World Bank, IDB aid Toka in targeting Palestine’s allies

While the ties between Toka and Israel’s national security state are clear as day, what is also significant and unsettling about this company is how its entry into developing and developed countries alike is being facilitated by global financial institutions, specifically the World Bank and the Inter-American Development Bank. Notably, these are the only deals with governments that Toka advertises on its website, as the others are not made public.

Several projects funded by one or another of these two institutions have seen Toka become the “cyber designer” of national cybersecurity strategies for Nigeria and Chile since last year. Significantly, both countries’ populations show strong support for Palestine and the BDS movement. In addition, Toka garnered a World Bank-funded contract with the government of Moldova, an ally of Israel, last September.

The World Bank selected Toka in February of last year to “enhance Nigeria’s cyber development,” which includes developing “national frameworks, technical capabilities and enhancement of skills.” Through the World Bank contract, Toka has now become intimately involved with both the public and private sectors of Nigeria that it relates to the country’s “cyber ecosystem.” The World Bank’s decision to choose Toka is likely the result of a partnership forged in 2019 by the state of Israel with the global financial institution “to boost cybersecurity in the developing world,” with a focus on Africa and Asia.

Nigeria Toka
Toka executives pose with Nigerian officials in 2020. Photo | Israel Defense

“Designing and building sustainable and robust national cyber strategy and cyber resilience is a critical enabler to fulfilling the objectives of Nigeria’s national cybersecurity policy and strategic framework,” Toka CEO Yaron Rosen said in a press release regarding the contract.

Given Toka’s aforementioned use of its technology for only “trusted” governments, it is notable that Nigeria has been a strong ally of Palestine for most of the past decade, save for one abstention at a crucial UN vote in 2014. In addition to the government, numerous student groups, human rights organizations, and Islamic organizations in the country are outspoken in their support for Palestine. With Toka’s efforts to offer its products only to countries who align themselves with “friendly” countries, their now intimate involvement with Nigeria’s cyber development could soon have consequences for a government that has tended to support the Palestinian cause. This is even more likely given Toka CEO Rosen’s statements at an April 2021 event hosted by Israel’s Ministry of Economy, where he emphasized the role of cyber in developing countries specifically in terms of their national defense and economic strategy.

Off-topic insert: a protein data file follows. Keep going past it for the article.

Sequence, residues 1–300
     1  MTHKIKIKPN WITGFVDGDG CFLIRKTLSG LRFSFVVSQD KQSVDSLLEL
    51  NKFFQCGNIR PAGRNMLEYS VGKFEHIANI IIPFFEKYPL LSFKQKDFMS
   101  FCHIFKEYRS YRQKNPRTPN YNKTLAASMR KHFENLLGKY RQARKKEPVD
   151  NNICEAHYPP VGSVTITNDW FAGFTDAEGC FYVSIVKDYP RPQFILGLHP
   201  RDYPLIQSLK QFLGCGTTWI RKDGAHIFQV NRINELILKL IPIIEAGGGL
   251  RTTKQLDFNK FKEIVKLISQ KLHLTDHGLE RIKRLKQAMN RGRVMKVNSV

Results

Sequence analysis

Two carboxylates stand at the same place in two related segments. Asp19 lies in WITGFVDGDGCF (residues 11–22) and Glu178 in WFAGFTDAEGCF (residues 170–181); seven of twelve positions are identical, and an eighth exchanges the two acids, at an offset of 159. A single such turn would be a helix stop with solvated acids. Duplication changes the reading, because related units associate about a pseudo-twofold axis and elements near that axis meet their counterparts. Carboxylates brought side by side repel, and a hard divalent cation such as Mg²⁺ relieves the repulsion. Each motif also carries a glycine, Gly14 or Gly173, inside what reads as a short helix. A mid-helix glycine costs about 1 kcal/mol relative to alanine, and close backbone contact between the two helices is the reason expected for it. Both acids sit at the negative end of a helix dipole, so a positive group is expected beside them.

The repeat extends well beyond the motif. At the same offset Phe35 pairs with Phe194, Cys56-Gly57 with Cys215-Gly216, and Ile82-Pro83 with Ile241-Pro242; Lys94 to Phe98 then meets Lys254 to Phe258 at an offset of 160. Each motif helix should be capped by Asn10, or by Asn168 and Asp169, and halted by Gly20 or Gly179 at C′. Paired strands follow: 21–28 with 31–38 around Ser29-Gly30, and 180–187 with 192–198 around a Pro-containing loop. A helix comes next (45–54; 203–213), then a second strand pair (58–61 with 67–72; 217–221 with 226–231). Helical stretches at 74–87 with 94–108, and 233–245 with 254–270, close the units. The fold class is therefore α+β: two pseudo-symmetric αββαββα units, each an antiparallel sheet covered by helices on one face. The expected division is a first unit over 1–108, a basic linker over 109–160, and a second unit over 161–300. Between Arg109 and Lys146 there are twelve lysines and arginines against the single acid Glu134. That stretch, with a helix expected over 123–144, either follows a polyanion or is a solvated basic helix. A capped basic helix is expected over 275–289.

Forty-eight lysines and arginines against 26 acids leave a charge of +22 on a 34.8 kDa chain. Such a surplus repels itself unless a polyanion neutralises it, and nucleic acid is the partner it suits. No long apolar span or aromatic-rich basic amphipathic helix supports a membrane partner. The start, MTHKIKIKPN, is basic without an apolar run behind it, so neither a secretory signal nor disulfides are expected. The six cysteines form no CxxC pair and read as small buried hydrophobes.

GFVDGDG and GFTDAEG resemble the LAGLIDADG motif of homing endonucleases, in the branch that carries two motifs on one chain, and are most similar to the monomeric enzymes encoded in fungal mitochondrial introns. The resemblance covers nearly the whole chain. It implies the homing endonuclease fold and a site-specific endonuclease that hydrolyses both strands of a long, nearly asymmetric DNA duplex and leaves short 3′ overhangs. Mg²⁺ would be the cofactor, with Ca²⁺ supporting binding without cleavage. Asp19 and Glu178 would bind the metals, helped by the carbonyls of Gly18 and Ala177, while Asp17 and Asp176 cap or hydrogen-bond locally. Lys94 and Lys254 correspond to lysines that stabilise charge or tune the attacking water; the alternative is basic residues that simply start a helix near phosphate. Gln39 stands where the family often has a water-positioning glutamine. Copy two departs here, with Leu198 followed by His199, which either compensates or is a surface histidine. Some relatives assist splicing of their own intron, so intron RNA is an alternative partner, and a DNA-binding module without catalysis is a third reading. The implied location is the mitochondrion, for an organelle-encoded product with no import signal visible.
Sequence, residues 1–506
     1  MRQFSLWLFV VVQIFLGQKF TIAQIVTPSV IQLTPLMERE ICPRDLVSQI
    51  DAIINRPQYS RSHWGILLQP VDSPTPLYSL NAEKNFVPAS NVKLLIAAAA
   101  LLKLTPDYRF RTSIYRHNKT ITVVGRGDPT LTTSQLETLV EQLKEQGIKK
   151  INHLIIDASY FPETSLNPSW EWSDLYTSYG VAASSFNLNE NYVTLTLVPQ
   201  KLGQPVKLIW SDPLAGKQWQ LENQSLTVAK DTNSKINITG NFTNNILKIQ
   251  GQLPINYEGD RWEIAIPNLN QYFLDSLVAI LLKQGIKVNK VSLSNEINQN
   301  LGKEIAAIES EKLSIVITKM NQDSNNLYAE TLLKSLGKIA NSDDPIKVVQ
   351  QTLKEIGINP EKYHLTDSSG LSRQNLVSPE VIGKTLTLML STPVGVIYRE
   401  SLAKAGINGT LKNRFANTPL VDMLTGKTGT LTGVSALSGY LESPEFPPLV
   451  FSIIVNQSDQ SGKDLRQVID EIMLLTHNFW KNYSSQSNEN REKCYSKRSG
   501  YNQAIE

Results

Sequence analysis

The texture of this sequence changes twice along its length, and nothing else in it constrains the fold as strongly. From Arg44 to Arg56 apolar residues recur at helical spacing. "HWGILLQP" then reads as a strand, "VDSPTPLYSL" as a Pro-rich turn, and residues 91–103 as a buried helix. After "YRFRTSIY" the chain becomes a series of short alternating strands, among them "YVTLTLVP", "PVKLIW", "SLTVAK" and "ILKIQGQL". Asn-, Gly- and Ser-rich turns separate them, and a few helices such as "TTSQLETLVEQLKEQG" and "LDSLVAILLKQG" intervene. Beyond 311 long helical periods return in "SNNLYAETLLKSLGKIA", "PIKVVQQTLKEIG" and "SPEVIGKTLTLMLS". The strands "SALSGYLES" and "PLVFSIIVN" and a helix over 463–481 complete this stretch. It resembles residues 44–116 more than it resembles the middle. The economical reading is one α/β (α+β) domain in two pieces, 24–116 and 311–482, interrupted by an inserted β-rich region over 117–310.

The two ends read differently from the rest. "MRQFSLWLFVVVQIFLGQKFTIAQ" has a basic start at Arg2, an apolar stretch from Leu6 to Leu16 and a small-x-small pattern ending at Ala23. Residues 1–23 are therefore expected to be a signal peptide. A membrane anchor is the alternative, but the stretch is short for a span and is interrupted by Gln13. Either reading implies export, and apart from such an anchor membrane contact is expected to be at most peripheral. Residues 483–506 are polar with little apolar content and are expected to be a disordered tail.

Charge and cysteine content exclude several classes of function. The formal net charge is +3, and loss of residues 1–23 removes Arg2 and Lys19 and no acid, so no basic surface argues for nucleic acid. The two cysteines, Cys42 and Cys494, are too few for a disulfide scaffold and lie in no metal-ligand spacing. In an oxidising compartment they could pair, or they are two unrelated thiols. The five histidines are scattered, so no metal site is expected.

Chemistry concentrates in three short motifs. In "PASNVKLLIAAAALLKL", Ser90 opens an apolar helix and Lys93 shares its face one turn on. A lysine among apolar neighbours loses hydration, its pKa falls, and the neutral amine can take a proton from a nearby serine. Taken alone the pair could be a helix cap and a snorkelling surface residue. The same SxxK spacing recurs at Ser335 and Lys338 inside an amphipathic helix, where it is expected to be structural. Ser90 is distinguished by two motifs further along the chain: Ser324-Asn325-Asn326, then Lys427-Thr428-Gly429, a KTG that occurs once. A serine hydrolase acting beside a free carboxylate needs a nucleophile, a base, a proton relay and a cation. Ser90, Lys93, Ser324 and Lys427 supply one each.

Three months after the deal was struck with Nigeria through the World Bank, the Inter-American Development Bank (IDB) selected Toka to advise the government of Chile on “next steps for the country’s national cybersecurity readiness and operational capacity building.” As part of the project, “Toka will assess the current cybersecurity gaps and challenges in Chile and support the IDB project implementation by recommending specific cybersecurity readiness improvements,” per a press release. Toka claims it will help “establish Chile as a cybersecurity leader in South America.” Regarding the deal, Toka’s Rosen stated that he was “thankful” that the IDB had “provided us with this opportunity to work with the Government of Chile.”

Israel signed consequential agreements for cooperation with the IDB in 2015, before further deepening those ties in 2019 by partnering with the IDB to invest $250 million from Israeli institutions in Latin America specifically.

Toka executives are pictured with Chilean officials during a 2020 meeting in Santiago

Like Nigeria, Chile has a strong connection with Palestine and is often a target of Israeli government influence efforts. Though the current far-right government of Sebastián Piñera has grown close to Israel, Chile is home to the largest Palestinian exile community in the world outside of the Middle East. As a result, Chile has one of the strongest BDS movements in the Americas, with cities declaring a non-violent boycott of Israel until the Piñera administration stepped in to claim that such boycotts can only be implemented at the federal level. Palestinian Chileans have strong influence on Chilean politics, with a recent, popular presidential candidate, Daniel Jadue, being the son of Palestinian immigrants to Chile. Earlier this year, in June, Chile’s congress drafted a bill to boycott goods, services and products from illegal Israeli settlements.

While Toka frames both of these projects as aimed at helping the cyber readiness and economies of the countries it now services, Israeli media has painted a different picture. For instance, Haaretz wrote that Israel’s partnerships with development banks, specifically those made in 2019 that resulted in these Toka contracts, were planned by an inter-ministerial committee set up by then-Prime Minister Benjamin Netanyahu “to realize the potential of international development to strengthen the Israeli economy, improve Israel’s political standing and strengthen its international role.” One source, quoted by Haaretz as being close to this undertaking, stated that “development banks are a way to help advance Israel’s interests and agenda in the developing world, including Latin America. But it’s not philanthropy.”